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How The Beatles defied convention to make 'Hey Jude'


There’s not much about The Beatles seminal hit from 1968, ‘Hey Jude’, that you won’t already know. The song has become a universal anthem that has gone a long way to unify entire swathes of a generation. Though there is a little doubt about who the song was actually written for, there is no uncertainty that the track remains one of the Fab Four’s undying legacies. Written by Paul McCartney for the band’s single release of that year, the song was backed ‘Revolution’ and received huge radio airplay, which, considering two vital imperfections in the song, make it truly revolutionary.

“That’s his best song,” Lennon once remarked of the track. “It started off as a song about my son Julian because Paul was going to see him. Then he turned it into ‘Hey Jude’. I always thought it was about me and Yoko, but he said it was about him and his.” McCartney has always maintained the track is about Julian, claiming it was written to help Lennon’s son get over his parents’ divorce. However, Lennon always felt the track was actually written about him.

During his famous 1980 Playboy interview, Lennon offered another theory to the song’s inception: “He said it was written about Julian. He knew I was splitting with Cyn and leaving Julian then,” he said. “He was driving to see Julian to say hello. He had been like an uncle. And he came up with ‘Hey Jude.’ But I always heard it as a song to me.

“Now I’m sounding like one of those fans reading things into it… Think about it: Yoko had just come into the picture. He is saying. ‘Hey, Jude’—’Hey, John.’ Subconsciously, he was saying, ‘Go ahead, leave me.’ On a conscious level, he didn’t want me to go ahead. The angel in him was saying, ‘Bless you.’ The devil in him didn’t like it at all, because he didn’t want to lose his partner.”

The direct target of McCartney’s anthemic and downright astounding song is likely to be a combination of both of these sentiments. Whether it was for Julian as a moment of friendship, a hand on the shoulder of his friend’s son, and a knowing, guiding smile to what life could be like. Or indeed whether it was a letter to John to try and connect with him as they had done before. The truth is that the song, like any great song does, can be moved and repositioned to fit whatever the audience may need at the time.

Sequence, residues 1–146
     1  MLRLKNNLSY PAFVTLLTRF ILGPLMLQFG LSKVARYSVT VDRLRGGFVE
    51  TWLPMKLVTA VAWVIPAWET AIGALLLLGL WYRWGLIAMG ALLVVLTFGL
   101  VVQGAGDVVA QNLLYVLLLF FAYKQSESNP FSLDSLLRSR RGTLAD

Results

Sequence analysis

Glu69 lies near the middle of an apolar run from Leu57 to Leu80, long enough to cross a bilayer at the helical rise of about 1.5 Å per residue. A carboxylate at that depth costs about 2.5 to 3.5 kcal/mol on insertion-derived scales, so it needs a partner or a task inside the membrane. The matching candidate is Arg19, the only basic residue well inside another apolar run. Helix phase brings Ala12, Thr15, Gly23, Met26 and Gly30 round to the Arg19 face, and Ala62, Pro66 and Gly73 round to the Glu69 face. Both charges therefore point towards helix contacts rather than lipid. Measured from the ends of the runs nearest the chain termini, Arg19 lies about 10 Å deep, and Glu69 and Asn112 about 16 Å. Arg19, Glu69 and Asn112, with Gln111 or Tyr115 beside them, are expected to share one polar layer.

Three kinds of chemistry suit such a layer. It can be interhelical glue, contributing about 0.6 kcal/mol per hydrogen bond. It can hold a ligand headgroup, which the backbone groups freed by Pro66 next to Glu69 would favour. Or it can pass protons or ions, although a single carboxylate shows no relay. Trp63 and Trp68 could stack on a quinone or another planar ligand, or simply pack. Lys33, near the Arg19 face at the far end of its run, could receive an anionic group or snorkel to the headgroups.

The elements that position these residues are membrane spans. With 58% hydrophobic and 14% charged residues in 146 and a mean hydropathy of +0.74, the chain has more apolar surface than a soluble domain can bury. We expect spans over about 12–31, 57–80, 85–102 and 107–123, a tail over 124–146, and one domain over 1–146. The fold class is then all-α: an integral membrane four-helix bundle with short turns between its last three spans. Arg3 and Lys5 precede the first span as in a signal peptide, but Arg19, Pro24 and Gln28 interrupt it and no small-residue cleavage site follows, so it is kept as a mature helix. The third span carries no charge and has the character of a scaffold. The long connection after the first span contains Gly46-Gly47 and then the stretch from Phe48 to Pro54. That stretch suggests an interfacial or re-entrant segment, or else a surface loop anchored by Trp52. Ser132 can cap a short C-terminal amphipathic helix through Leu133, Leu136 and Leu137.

That said, it could have very nearly never reached that audience through the radio for two standout reasons. Firstly, breaking all the radio rules, the song has an expletive hidden within the track that is almost always uncensored during radio plays. Lennon sings “Let her into” instead of “Let her under your skin” to which the singer casually replies “Oh! Fucking hell!”. It remains in the final mix of the track to this day, despite some of the band’s closest engineers being unable to detect it. Ken Scott said of the swear, “I was told about it at the time but could never hear it. But once I had it pointed out I can’t miss it now.”

It’s not the first time the band have tried to do such a thing, often hiding onomatopoeic swear in songs. Scott agrees: “I have a sneaking suspicion they knew all along, as it was a track that should have been pulled out in the mix. I would imagine it was one of those things that happened – it was a mistake, they listened to it and thought, ‘doesn’t matter, it’s fine’.”

Aside from that naughty moment, the song is also a stonking seven minutes long, which in the world of the 1960s when radio was king, this simply wouldn’t do. You were dreaming if you tried to get some airplay on a song over three minutes long. But for the Fab Four, doors just opened. “We recorded ‘Hey Jude’ in Trident Studios,” recalled George Martin. “It was a long song. In fact, after I timed it, I actually said, ‘You can’t make a single that long.’ I was shouted down by the boys – not for the first time in my life – and John asked: ‘Why not?’ I couldn’t think of a good answer, really – except the pathetic one that disc jockeys wouldn’t play it. He said, ‘They will if it’s us.’ And, of course, he was absolutely right.”

The track has gone down in history as one of their greatest ever feats and the fact that it defied convention to reach those heights is another testament to the subversive nature of the biggest pop band of all time.